New Findings in Sarcoma

Sarcoma is a rare type of cancer, making up about 1 percent of all adult cancers and about 15 percent of pediatric cancers, according to the Liddy Shriver Sarcoma Initiative. Despite the high rate for childhood and adolescent cancers, the total number of pediatric sarcoma cases is far lower than adult cases because overall there are fewer cases of cancer in people younger than 20 than in adults. When detected early, many soft tissue sarcomas have a high rate of successful treatment, but there are still thousands of children and adults who pass away each year because of this disease. Worse yet, the survival rate for pediatric sarcomas is lower than the average survival rate for all childhood cancers. While some sarcomas are chemotherapy-sensitive, others defy traditional cancer treatment methods. This is why research into new detection and treatment methods has been ongoing for years, and researchers have made strides in creating better chemotherapy and other cancer-killing drugs.

 

Chemotherapy

Chemotherapy is a broad term for a number of drugs used to treat diseases – not just cancer. The purpose of chemo is to work throughout the entire body. For cancer, it not only stops the spread of the cancerous cells throughout the body, but it also kills them. There are many chemotherapy drugs, and the FDA has approved more medications that are focused on specific types of cancers in recent years. While these specific chemotherapy drugs are not the same as targeted therapies, they are made to be effective against certain types of cancers.

In October 2015, the U.S. Food and Drug Administration approved Trabectedin, also known as Yondelis, to treat two types of soft tissue sarcomas – liposarcoma (sarcoma in fat cells) and leiomyosarcoma (sarcoma in smooth muscle cells) – when patients cannot be treated with surgery or they previously had chemotherapy containing anthracycline. This is a major advancement for patients who didn’t respond to traditional chemo or targeted therapy.

 

Targeted Therapy

Researchers have discovered which genes mutate in certain cancers, enabling them to develop drugs that target that specific gene or the proteins affected by the mutation. Some targeted drugs turn off the signal in a cancer cell that tells it to divide, others stop a cell from living an abnormally long time, and some kill the cancerous cells. The purpose of targeted drugs is to create more customized and effective medications to stop the spread of specific types of cancers.

Pazopanib is the only targeted drug approved to specifically treat soft tissue sarcoma and was approved by the FDA in 2012, according to the American Cancer Society. Pazopanib, brand name Votrient, blocks enzymes known as tyrosine kinases, which are necessary to cell division and survival. This helps stop the progression of the cancer, which can give patients more time to receive other treatments.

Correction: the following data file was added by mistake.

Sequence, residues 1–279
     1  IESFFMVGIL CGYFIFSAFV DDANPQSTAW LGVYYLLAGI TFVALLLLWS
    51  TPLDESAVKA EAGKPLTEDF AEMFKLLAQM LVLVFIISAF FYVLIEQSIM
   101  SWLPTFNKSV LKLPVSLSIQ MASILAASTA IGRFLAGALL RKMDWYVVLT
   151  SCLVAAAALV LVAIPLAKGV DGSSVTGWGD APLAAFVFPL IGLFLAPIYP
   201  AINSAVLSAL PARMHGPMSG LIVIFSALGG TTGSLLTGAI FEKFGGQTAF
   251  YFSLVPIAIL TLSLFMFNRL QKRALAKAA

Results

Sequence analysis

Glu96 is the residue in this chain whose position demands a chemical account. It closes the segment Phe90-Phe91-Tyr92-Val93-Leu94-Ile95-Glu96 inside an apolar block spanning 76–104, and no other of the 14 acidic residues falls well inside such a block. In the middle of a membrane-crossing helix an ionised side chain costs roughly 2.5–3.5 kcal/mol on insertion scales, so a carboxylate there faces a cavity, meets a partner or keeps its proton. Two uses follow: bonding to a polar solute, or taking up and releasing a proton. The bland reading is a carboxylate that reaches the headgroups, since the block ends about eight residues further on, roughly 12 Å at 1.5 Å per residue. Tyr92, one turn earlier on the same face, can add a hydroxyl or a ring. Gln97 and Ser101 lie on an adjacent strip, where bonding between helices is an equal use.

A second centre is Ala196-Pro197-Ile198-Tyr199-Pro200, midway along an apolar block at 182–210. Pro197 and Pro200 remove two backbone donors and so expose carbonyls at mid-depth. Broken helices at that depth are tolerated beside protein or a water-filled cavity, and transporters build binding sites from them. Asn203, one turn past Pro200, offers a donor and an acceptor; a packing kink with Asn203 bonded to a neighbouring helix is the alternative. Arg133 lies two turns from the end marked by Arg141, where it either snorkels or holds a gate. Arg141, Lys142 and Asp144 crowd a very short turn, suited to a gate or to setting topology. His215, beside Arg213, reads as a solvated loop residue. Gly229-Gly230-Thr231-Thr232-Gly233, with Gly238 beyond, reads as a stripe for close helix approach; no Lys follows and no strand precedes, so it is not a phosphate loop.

Anti-Angiogenesis

Angiogenesis is the growth of blood vessels between a tumor and surrounding tissue. It’s the blood flow through these vessels that carries oxygen and other nutrients to the tumor that allows the tumor to metastasize throughout the body. Researchers have developed anti-angiogenesis drugs that stop the development of the blood vessels to the tumor in some way, essentially cutting off the tumor’s food source. Different anti-angiogenesis agents perform this function in unique ways.

The drugs Avastin and Adriamycin have benefited sarcoma patients when given together, and Cediranib is a more recent anti-angiogenesis drug showing benefits for some types of soft tissue sarcoma, according to the American Cancer Society.

 

Biosimilars

Biosimilar drugs are gaining importance in today’s health care landscape because they offer a less costly, similar version of a customized biologic drug. For patients suffering from sarcoma and other forms of rare cancer, the cost of treatment adds up quickly. A specific drug could cost them thousands of dollars every month.

Many cancer patients will now be able to receive Zarxio, a biosimilar drug of filgrastim, also known as Neupogen, which is a biologic drugs that helps patients manage their white blood cell count during chemo and other cancer treatments. Zarxio is the first biosimilar drug to ever be FDA approved in the U.S. and was approved for all of the same purposes as Neupogen.

 

Genetic Testing

For any type of cancer, detecting it as soon as possible is important to getting treatment and working toward remission. Sarcoma is no different and now people may be able to use genetic testing to determine if they are at risk or have the disease. For example, the retinoblastoma gene, RB1, was the first known inherited cancer susceptible trait. Genetic testing can determine if a person has a mutated RB1 gene, and if they do, the physician can discuss the patient’s higher risk for certain sarcomas – particularly if that person needs to undergo radiation. Patients with this mutated gene have a higher risk of tumors following radiation.

Other syndromes or gene mutations, like Li-Fraumeni syndrome, which involves the mutated TP53 gene, can be detected in genetic testing.

Genetic testing isn’t for everyone. It is often performed when individuals are experiencing medical issues, and it may be more appropriate for patients who have a family history of certain types of cancer or disorders. Individuals without any family history of cancer or other risk factors can develop sarcoma, but genetic testing for indicators of risk may not be helpful.